One option regarding the leg-stretcher would be to talk to him privately, but make it about his career, not your uncomfortableness. Something like, “We’ve noticed that you do this and it gives the appearance of being sexually suggestive and aggressive. While no one wants to be the one to say it, it makes some of the women here uncomfortable and even though we’ve been told it doesn’t cross the line of breaking policies, some of the management we spoke to about it agreed that it looks very unprofessional. It’s up to you whether to continue or not, but we just thought you might like to know the impression it’s giving both to your coworkers and to people who are in charge of your future here.”

    1. Ask a Manager* Post author

      The one modification I’d make to this is not to mention what the manager said about it; no one wants to feel their manager is talking about them behind their back, or that something has become such a big deal, and the manager probably wouldn’t appreciate it either. But otherwise, direct conversation is almost always good.

    2. Ellie H.*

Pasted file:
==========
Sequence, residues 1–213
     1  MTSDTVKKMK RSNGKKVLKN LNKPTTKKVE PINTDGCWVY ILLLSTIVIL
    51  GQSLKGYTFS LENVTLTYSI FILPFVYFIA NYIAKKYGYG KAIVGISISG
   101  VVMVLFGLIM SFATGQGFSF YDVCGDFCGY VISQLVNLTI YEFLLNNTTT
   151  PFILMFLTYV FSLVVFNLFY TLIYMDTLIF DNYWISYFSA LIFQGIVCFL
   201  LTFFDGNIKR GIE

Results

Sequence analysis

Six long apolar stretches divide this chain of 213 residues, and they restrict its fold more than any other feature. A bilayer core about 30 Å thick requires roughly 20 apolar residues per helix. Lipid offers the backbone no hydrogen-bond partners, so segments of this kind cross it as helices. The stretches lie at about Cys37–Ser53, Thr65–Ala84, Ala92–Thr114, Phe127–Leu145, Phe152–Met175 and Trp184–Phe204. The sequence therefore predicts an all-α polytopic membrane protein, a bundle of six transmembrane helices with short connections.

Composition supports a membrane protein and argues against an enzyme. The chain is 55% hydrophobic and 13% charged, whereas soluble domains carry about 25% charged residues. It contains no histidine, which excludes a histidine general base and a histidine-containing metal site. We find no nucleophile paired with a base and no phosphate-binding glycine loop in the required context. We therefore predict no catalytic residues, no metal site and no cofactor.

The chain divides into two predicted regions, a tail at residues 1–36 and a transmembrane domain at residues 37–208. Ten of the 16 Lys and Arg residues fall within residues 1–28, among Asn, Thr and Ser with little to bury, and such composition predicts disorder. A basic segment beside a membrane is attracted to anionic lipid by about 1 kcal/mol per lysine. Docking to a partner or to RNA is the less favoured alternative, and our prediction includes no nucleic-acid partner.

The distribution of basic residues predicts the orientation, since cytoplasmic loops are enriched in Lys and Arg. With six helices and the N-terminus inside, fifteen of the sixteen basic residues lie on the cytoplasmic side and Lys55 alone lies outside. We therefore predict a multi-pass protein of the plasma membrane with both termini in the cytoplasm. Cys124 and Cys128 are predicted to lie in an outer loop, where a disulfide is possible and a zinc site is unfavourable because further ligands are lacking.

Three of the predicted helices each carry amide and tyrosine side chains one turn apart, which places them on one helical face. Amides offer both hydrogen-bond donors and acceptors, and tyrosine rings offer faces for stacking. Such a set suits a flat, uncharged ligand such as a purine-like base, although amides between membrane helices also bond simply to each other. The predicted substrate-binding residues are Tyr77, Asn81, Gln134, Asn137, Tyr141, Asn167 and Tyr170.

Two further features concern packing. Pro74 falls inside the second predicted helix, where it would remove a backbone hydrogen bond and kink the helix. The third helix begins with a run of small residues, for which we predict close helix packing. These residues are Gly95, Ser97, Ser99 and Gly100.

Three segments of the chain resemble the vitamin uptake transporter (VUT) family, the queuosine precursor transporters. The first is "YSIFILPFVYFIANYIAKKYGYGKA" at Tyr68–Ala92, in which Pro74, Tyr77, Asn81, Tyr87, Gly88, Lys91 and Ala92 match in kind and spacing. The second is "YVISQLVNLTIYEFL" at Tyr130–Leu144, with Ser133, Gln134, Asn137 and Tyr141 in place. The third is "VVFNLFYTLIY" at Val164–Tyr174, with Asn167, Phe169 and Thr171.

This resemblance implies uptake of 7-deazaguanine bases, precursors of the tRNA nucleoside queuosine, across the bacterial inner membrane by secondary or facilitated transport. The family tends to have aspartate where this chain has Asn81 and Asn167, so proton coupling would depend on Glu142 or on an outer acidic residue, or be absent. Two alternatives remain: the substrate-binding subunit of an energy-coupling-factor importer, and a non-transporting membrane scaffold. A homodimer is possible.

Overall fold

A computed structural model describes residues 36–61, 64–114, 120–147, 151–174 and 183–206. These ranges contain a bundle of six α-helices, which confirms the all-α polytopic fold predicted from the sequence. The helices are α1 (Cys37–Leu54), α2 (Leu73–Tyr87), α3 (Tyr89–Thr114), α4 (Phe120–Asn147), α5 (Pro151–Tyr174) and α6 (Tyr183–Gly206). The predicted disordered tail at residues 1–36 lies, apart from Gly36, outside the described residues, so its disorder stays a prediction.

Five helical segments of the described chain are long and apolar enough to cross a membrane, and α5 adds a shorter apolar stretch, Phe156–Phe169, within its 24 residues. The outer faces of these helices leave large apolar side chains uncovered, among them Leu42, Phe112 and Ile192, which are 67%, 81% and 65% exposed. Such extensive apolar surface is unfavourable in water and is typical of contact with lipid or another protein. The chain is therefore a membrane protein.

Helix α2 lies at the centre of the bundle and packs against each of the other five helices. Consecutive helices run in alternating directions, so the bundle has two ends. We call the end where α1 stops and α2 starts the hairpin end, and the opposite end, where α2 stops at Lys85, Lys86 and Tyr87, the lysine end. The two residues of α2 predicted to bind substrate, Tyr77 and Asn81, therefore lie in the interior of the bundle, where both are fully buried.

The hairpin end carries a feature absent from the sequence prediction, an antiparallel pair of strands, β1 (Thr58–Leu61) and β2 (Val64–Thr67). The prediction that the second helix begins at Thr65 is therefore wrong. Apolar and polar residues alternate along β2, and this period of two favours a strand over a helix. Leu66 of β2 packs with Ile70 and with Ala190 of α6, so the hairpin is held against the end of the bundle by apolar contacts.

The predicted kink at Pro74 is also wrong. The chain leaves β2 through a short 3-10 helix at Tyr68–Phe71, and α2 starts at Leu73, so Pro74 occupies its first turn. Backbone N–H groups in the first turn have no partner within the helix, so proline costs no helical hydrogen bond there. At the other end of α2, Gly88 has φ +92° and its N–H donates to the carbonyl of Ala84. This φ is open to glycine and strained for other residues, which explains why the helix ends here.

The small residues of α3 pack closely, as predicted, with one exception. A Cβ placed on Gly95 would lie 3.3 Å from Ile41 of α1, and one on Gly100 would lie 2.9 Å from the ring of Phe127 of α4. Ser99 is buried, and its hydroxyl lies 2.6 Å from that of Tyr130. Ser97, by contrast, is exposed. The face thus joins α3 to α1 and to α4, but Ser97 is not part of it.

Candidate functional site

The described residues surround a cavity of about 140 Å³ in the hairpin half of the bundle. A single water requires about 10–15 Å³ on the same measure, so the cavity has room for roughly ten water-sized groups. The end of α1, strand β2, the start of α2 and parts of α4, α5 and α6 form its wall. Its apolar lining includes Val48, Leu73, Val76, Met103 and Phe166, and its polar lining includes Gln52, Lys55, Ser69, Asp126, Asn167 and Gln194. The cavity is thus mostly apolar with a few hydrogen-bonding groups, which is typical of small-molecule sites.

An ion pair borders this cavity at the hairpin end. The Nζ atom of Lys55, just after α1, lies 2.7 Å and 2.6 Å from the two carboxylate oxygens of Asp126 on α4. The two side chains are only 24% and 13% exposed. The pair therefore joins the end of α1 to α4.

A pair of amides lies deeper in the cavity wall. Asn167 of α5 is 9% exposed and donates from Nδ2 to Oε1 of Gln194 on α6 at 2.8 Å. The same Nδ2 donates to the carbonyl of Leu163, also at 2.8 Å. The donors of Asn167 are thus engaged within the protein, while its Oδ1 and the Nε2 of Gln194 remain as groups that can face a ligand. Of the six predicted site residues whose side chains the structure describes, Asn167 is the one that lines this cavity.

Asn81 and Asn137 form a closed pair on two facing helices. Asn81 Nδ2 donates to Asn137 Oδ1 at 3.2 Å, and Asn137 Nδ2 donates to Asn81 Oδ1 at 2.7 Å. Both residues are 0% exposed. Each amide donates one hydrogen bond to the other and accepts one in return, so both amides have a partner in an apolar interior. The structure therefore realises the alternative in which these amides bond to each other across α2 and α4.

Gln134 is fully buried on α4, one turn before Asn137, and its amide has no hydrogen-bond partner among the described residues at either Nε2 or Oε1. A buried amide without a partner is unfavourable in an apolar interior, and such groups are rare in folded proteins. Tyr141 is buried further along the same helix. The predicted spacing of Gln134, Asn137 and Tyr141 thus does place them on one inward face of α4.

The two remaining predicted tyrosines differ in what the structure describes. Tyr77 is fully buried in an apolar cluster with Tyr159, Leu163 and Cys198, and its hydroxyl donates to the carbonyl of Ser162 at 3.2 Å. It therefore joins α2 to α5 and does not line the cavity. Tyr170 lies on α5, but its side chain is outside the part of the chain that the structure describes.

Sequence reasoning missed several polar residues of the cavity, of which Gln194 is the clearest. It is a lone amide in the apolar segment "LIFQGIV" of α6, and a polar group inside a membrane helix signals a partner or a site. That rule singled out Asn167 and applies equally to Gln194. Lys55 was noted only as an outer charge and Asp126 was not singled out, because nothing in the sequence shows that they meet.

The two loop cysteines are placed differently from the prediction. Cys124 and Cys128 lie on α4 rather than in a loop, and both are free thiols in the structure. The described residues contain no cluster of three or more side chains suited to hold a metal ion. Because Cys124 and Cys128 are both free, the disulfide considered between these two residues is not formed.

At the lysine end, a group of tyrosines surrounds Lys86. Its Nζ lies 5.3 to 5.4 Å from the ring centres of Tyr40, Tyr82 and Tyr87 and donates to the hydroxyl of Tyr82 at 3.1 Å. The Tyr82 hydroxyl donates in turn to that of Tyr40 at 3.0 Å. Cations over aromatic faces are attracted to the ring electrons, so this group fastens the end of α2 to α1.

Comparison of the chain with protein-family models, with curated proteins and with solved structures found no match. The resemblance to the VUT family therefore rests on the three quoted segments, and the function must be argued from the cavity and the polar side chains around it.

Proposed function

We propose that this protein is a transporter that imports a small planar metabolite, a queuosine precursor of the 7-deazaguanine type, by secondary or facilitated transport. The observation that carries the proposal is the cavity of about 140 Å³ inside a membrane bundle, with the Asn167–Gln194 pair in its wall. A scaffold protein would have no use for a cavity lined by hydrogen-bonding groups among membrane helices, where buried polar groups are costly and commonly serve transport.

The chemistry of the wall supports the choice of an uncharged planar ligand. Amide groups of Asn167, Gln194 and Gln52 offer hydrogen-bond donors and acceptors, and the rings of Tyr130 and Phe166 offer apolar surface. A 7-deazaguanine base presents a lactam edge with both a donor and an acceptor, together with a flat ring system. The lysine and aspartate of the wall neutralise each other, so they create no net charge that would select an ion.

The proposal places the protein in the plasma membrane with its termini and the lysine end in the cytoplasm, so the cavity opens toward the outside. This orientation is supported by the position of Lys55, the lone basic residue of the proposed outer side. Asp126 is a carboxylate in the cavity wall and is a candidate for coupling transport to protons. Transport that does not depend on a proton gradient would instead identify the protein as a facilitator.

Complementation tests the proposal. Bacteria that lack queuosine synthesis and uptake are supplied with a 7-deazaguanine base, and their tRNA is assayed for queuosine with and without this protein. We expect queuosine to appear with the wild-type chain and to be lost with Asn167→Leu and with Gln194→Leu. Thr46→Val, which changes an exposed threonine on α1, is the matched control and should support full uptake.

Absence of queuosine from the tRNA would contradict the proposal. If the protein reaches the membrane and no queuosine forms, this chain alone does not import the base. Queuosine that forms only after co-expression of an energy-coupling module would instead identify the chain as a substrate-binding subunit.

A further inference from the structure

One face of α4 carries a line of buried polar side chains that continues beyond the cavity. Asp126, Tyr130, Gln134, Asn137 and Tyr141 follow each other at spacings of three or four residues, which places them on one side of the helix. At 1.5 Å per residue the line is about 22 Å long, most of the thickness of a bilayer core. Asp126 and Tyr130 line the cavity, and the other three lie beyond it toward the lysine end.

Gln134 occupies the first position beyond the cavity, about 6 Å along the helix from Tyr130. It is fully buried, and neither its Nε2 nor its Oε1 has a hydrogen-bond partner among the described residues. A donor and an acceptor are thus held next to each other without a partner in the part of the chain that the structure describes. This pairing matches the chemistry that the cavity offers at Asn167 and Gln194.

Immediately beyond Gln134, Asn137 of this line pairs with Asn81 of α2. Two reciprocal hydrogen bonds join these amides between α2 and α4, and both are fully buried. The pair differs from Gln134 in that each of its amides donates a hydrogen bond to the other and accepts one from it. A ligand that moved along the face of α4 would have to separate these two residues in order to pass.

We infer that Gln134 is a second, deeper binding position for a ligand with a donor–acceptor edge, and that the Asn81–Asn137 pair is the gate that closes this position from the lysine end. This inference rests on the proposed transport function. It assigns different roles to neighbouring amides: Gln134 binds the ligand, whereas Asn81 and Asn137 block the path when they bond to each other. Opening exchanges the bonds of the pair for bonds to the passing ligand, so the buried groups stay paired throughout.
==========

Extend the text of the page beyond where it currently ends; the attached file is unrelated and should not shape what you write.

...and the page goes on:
It just doesn’t seem like that big a deal to me, and even if it did, I think the awkwardness that discussing it with the guy would engender would be less palatable than just putting up with the behavior. Especially if the LW were to include all this backstory of trying to figure out whether it breaks policies or not. And implying that the way he sits could impact his career/future, to me, just makes it even weirder. I don’t really see anything in the letter that indicates that the guy is sexually suggestive in any other way or that he is sitting that way on purpose to be suggestive. I feel like just saying “Sit up, you look like you’re at the beach” at a moment when you notice him doing it would be better than a dramatic intervention.